News Releases from 2006
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December 6, 2006
In a paper in Dental Materials, UCSD structural engineering professor Vistasp Karbhari and Howard Strassler, a professor and director of Operative Dentistry at the University of Maryland Dental School, report results of detailed engineering tests on dental composites containing polyethylene fibers, which are also used in bullet-proof vests.
November 28, 2006
Jacobs School Dean Frieder Seible has received a 2006 Humboldt Research Award. Through the prize from the Alexander von Humboldt Foundation, Seible plans to includes investigate fundamental design concepts that could improve how structures perform under extreme loads caused by natural and manmade disasters.
October 2, 2006
The Jacobs School welcomes 11 new faculty hires, bringing the School’s total faculty membership to 175. The new faculty help advance the School’s focus on nanotechnology and nanomaterials, and compliment existing strengths in earthquake engineering, broadband communications, computer architecture, information theory, machine learning, and visualization.
August 21, 2006
Researchers at the University of California, San Diego have developed a new technique that is better able than currently used technology to find defects in steel railroad tracks, including hard-to-find internal cracks that can break under the weight of passing trains. Track defects account for about one-third of the 2,200 annual train derailments in the U.S., according to the Federal Railroad Administration (FRA), the federal agency charged with enforcing rail safety regulations.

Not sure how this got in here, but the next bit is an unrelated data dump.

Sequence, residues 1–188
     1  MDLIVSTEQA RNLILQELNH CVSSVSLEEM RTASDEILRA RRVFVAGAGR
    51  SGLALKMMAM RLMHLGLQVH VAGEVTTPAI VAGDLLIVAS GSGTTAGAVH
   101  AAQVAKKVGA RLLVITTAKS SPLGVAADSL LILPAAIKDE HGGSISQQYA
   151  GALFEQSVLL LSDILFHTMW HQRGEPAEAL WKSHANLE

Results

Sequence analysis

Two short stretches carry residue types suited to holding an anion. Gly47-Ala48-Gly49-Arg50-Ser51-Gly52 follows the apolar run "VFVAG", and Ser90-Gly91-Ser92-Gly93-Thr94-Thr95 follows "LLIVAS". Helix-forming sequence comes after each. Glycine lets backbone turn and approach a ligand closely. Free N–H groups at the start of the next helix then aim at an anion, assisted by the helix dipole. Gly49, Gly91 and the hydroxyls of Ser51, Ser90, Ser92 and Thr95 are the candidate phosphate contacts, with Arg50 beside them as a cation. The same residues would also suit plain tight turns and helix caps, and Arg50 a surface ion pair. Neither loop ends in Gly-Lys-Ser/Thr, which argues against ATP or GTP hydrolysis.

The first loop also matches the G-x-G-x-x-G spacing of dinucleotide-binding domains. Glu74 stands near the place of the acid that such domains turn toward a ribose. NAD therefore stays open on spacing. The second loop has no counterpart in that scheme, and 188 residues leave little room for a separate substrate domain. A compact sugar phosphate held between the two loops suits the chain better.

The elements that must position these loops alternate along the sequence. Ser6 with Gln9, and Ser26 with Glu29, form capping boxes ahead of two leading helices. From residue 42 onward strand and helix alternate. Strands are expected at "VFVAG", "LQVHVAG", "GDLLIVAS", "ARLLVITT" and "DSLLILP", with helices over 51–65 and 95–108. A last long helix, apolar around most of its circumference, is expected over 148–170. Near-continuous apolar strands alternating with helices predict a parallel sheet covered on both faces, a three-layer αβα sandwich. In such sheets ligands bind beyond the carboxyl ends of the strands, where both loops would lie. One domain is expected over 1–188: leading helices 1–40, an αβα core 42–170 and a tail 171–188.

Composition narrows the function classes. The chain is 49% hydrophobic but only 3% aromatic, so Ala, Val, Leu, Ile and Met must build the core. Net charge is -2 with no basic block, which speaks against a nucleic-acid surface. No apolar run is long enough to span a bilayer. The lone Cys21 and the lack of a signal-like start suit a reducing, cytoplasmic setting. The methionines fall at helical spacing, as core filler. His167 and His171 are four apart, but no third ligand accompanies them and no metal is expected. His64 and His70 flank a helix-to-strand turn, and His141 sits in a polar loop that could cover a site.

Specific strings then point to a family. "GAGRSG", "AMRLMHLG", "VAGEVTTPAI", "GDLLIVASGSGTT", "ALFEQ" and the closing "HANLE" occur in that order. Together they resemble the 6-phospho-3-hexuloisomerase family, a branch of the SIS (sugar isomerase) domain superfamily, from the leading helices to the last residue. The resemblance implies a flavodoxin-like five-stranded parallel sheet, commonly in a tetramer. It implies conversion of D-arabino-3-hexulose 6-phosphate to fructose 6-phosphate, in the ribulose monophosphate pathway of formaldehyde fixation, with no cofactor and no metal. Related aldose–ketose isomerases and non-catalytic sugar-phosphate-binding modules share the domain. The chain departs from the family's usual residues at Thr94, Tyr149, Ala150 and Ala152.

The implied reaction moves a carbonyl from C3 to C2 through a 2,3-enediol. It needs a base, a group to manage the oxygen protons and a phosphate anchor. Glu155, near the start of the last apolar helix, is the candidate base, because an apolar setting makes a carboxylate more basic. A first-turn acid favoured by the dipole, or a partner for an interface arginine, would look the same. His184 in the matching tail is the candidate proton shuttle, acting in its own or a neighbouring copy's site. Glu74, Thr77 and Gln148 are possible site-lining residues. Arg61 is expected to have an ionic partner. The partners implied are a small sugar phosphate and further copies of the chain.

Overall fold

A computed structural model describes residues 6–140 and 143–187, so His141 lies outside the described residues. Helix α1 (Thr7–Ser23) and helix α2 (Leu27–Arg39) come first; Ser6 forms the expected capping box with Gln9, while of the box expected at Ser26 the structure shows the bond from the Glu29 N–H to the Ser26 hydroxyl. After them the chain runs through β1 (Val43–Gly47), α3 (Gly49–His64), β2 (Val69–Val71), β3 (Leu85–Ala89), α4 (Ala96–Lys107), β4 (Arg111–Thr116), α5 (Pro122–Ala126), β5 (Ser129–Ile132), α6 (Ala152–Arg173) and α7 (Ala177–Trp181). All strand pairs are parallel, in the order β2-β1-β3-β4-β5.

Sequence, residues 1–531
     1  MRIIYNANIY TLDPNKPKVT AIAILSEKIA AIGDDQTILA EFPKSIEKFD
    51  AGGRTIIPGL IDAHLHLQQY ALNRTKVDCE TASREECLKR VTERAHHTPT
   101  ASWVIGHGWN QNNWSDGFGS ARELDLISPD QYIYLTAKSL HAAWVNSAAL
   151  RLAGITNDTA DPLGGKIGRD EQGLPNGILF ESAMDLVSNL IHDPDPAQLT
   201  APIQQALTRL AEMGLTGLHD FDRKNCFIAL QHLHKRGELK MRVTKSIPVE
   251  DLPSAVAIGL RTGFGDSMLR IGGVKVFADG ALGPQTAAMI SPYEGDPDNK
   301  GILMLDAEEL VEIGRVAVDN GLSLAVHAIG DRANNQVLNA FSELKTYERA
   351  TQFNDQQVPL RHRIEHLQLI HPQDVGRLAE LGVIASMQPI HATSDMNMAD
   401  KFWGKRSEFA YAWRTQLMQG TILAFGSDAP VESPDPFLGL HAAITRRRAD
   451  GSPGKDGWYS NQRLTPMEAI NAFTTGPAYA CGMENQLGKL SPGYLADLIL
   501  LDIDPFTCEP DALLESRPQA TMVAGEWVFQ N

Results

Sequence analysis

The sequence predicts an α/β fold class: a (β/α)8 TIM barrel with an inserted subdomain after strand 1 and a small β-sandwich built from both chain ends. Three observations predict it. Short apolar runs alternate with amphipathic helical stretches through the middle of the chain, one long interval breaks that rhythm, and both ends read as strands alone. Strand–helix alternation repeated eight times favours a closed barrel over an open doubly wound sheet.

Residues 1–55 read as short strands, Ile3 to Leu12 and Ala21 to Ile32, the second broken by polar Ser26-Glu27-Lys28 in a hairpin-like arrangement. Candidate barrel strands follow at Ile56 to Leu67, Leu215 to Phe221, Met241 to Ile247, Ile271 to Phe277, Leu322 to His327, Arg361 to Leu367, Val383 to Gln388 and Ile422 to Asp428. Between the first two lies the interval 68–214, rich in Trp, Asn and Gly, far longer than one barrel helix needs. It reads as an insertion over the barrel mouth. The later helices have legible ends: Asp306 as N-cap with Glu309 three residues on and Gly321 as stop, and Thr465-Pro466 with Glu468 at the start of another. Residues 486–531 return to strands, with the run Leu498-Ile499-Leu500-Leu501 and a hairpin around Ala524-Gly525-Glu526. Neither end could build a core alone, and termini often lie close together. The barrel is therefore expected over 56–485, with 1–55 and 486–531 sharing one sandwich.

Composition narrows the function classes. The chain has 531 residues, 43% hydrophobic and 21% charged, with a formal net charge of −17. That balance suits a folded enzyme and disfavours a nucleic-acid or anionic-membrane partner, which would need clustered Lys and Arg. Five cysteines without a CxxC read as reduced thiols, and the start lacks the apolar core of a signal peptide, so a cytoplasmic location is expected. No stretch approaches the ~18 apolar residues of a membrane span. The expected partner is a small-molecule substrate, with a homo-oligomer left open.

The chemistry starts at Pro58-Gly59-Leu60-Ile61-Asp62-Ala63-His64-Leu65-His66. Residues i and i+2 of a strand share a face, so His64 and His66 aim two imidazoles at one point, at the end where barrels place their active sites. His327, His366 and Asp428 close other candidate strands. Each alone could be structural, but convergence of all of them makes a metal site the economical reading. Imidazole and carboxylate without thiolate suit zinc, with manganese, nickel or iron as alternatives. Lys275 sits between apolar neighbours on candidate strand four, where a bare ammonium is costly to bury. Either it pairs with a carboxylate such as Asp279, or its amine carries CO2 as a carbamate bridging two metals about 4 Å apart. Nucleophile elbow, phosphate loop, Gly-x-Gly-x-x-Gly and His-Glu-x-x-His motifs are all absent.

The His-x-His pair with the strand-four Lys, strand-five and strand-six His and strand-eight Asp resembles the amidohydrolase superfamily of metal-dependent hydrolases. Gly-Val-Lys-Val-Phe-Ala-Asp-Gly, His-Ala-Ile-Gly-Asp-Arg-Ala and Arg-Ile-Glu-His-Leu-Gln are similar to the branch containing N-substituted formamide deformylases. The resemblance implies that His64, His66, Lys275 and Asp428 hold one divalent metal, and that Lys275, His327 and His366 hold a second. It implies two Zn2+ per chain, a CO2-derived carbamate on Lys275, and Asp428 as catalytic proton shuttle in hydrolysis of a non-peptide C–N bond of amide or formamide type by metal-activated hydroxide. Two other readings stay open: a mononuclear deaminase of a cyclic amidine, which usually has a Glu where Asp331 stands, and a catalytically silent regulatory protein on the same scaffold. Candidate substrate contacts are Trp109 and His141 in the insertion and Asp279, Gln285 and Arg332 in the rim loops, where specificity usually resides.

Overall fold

April 18, 2006
UCSD Joins MentorNet, Connecting Students with Scientists and Engineers Employed in Industry and Academia
UCSD has become a partner in MentorNet, a program that uses email to facilitate one-on-one mentoring relationships between successful engineers, scientists and mathematicians, and college students who aspire to careers in those fields.
April 5, 2006
From designing a dorm model that would withstand a Northridge-sized earthquake to creating a chemical-free water filtration system, UCSD Jacobs School of Engineering structural engineering students proved the innovation leaders at the 2006 American Society of Civil Engineers’ (ASCE) pacific southwest regional collegiate conference held at UCLA March 30 to April 1.
March 27, 2006
Scientists at UCSD have devised two mathematical tools considered to be a major contribution to the optimal design of a new generation of deformable bridges, buildings, shape-controllable airplane wings, radio antennas, and other alternatives to current structural technologies.
March 8, 2006
The COSMOS program administered by the Jacobs School will bring nearly 50 percent more talented high school students to the UCSD campus for a month this summer, with a March 16 deadline for applications.
March 1, 2006
By any measure, the 2006 Disciplines of Engineering Career Fair (DECaF) was a success for both recruiters and student job seekers. The student-organized event raised $36,000 in corporate sponsorship fees, making it the largest single fundraiser to benefit engineering student organizations. In all, 50 companies sent over 150 recruiters to DECaF, more than doubling last year’s participation of 20 companies. Those employers saw nearly 1,500 engineering students eager for internship or full-time employment opportunities.
March 1, 2006
Apresentation on bridge-performance monitoring by Hong Guan, a Ph.D. candidate in the Department of Structural Engineering, was judged the best poster at Research Expo 2006.
February 23, 2006
Jacobs School undergraduates of limited means have a new avenue to fund their education, thanks to a QUALCOMM Inc. commitment of $250,000 for a new scholarship fund to help students pursuing engineering degrees at UCSD, SDSU or Cal State San Marcos.
February 10, 2006
Bernhard O. Palsson, a professor of bioengineering and adjunct professor of medicine at the University of California, San Diego, has been elected to the National Academy of Engineering.
January 20, 2006
UCSD structural engineers announced that the most violent earthquake shake of a seven-story structure at the Jacobs School of Engineering's Englekirk Structural Engineering Center resulted in only minor cosmetic damage to the building.